As Someone Who Has Had A Hysterectomy This Is Why I Support Lena Dunham's Decision

I had a hysterectomy two weeks ago and in all honesty for me it was the best option
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First of all, I recognise that hysterectomy for endometriosis is not a cure. If the endometriosis is elsewhere other than the uterus, excision is currently the best option rather than hysterectomy. If hysterectomy is undertaken it is important that all endometriosis is removed/excised from all areas to avoid it flaring up (even after hysterectomy).

However, I woke today to a steam of confusion over Lena Dunham’s decision to have a hysterectomy. There is huge fear and concern over the spread of the idea that hysterectomy will cure endometriosis. Again, no it won’t necessarily. Let’s just remember for one moment that we don’t actually know Lena Dunham personally, and we don’t know exactly what her individual case involved. Unfortunately the media and popular magazines have quickly published about her and her hysterectomy and haven’t really given all of the facts.

I had a hysterectomy two weeks ago and in all honesty for me it was the best option. Trust me, I considered it for over a year. I just want to bring some recognition to why it might well be an option. I have had symptoms since I was 12 years old, and I was finally diagnosed at 26 via laparoscopy. At that moment in time the gynaecologist felt my case of endometriosis was too complicated (it had spread all over the place and to many organs) and wouldn’t operate on me. So, I found a wonderful consultant who is a specialist in endometriosis, and for the last ten years I have had regular excisions to keep the disease under some sort of control. I have had two children (one naturally and one through IVF as both of the fallopian tubes became blocked). I feel extremely lucky, and I have stayed positive and made choices along the way with the support of my husband. I have avoided taking on other people’s opinions, apart from my husband’s.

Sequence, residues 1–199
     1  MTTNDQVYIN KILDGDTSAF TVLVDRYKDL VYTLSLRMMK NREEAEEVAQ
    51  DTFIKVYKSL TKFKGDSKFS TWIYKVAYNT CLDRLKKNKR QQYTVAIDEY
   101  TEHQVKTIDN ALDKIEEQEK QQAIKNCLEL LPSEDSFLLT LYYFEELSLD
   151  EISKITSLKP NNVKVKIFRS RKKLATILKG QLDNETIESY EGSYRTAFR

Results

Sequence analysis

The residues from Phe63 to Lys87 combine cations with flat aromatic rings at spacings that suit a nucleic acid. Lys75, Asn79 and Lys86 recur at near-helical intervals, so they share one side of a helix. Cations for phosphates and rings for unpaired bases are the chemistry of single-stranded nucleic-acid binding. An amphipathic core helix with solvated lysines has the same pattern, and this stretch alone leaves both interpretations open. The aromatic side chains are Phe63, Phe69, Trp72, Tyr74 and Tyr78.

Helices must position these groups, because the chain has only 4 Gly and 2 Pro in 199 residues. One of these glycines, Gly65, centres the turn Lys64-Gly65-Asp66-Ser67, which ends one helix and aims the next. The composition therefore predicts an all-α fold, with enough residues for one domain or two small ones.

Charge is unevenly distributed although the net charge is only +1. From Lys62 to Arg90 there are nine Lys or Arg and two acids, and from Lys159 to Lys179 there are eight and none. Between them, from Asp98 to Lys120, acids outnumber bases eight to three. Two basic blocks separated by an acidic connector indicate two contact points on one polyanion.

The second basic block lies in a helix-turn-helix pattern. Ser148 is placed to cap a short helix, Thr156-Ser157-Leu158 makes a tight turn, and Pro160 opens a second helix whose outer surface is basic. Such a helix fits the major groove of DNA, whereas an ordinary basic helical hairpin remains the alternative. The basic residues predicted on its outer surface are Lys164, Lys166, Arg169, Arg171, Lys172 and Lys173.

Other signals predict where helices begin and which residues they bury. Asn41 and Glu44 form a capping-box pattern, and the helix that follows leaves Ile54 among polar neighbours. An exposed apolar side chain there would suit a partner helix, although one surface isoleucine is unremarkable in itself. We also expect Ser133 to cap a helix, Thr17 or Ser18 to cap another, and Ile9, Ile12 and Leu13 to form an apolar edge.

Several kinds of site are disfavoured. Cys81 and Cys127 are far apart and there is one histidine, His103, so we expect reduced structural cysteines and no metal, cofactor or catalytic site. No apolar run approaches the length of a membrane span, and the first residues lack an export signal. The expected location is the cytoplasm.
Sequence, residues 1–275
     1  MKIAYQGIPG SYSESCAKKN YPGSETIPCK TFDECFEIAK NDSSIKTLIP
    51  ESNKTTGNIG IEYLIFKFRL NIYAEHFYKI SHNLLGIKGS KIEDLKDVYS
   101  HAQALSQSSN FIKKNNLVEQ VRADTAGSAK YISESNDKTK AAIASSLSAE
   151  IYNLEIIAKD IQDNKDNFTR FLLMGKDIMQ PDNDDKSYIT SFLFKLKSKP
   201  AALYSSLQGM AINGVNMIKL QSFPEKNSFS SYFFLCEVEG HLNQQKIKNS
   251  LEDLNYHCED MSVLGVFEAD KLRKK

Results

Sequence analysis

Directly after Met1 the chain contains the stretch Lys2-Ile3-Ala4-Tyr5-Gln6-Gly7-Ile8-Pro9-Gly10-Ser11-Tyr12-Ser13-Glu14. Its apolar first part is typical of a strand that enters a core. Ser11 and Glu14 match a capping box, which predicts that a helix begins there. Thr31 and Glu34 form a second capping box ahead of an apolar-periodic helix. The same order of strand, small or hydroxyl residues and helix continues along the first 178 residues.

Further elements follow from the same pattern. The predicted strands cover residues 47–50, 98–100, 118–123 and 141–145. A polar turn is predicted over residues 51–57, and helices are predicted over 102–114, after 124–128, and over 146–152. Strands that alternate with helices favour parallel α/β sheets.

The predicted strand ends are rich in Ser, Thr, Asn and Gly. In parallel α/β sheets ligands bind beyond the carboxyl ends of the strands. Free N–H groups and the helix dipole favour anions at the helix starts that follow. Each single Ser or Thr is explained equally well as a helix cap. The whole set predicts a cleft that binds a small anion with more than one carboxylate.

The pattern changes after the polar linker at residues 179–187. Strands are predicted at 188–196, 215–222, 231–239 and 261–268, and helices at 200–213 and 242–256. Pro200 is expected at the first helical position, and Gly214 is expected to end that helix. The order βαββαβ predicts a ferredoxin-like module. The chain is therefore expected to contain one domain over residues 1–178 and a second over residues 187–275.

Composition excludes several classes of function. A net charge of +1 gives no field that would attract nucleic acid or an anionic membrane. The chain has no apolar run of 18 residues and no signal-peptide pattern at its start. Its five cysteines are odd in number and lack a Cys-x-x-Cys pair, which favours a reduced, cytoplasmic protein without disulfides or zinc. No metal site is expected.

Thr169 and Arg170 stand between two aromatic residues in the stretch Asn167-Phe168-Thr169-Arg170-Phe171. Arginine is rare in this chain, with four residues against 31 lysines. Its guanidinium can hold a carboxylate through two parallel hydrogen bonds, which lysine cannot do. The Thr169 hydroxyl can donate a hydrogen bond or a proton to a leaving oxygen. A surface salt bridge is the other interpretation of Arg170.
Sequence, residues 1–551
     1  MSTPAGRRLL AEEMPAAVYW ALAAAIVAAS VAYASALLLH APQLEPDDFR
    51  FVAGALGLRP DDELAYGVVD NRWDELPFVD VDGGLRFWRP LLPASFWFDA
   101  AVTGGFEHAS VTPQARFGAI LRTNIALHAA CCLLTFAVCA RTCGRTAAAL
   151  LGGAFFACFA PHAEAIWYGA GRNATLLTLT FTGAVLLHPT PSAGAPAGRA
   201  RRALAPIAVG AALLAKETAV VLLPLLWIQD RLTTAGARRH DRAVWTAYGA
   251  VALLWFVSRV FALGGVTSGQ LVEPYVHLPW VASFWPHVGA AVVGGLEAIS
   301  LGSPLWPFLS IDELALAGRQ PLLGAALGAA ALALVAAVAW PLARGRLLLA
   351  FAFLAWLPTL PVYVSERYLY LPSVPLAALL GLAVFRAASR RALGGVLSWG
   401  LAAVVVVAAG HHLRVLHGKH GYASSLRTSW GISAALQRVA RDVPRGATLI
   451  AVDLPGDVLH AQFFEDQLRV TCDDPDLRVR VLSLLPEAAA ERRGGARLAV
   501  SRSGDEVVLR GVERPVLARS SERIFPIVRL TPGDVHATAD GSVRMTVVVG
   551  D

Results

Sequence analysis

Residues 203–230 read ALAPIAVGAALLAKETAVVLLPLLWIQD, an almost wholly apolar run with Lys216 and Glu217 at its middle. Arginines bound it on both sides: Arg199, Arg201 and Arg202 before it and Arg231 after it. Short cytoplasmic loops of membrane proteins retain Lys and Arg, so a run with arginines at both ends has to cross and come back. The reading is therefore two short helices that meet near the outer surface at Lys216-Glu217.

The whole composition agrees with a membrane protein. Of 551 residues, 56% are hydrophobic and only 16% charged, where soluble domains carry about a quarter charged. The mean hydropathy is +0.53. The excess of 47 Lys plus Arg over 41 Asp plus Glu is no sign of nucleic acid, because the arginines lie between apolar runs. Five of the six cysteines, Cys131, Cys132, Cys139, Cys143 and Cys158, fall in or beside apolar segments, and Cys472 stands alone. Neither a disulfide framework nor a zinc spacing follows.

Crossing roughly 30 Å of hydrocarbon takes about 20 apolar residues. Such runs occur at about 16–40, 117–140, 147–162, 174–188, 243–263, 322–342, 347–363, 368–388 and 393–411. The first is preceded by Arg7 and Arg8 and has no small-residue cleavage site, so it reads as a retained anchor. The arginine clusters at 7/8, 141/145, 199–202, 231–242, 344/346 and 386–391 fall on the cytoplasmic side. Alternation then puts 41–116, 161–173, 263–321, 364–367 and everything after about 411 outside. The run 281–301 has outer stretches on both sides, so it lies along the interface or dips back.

It got to a point where I can honestly say for me a hysterectomy was best. At first I was adamant that I would not do it, but after investigations and scans it became clear that actually this might be the next step for me. I had adenomyosis (cells similar to endometriosis in the muscular layer of the uterus), endometriosis on other organs (tissue similar to the lining of the uterus, endometrium, and is found outside of the uterus), and scar tissue everywhere. Every six months to a year after excision I would again have tangled organs, and scar tissue due to all of my operations. The uterus was enlarged and caused bloating and pressure that was pretty nasty. Removal of the uterus was the best option.

I had a hysterectomy, saving one ovary, and excision of endometriosis and scar tissue to free up my organs (bowel and bladder). My case is on the more extreme side in terms of damage and believe me it wasn’t an easy decision. For me however, it was the best option, and during the C-section of my last child the surgeon (who had never met me before) told me it was like a car crash in there and I needed to urgently do something. Luckily I was under local anaesthetic and couldn’t move, as I may have swung for him : ).

So, while I agree it is important that we give women the correct facts about hysterectomy and enable all of the other options to be spoken about, sometimes it might be the best option. I also recognise that I was blessed to have had my two children by the time that things became critical.

My advice?

I would suggest seeing an endometriosis specialist consultant, someone who really knows about this disease. Someone who engages with the research, and has a catalogue of women who are positive about the treatment that they received.

Also, don’t go into denial, be on the ball in regards to your symptoms and any changes that you observe. Early intervention when things suddenly get worse can make a big difference.

Use meditation and other psychological management techniques to encourage a clearer view of your situation, be in tune with your own body and soul. Try to connect with yourself at a deeper level to gain confidence in the decisions that you make.

Try not to see it as a battle, which is kind of exhausting. I have viewed it as a challenge.

Be careful what you read, only take information from sources that you trust. Endometrisosis is still not completely understood and lines of treatment do need more investigation.

Lastly, be kind to yourself and please know that you are not alone.


Liz Sparkes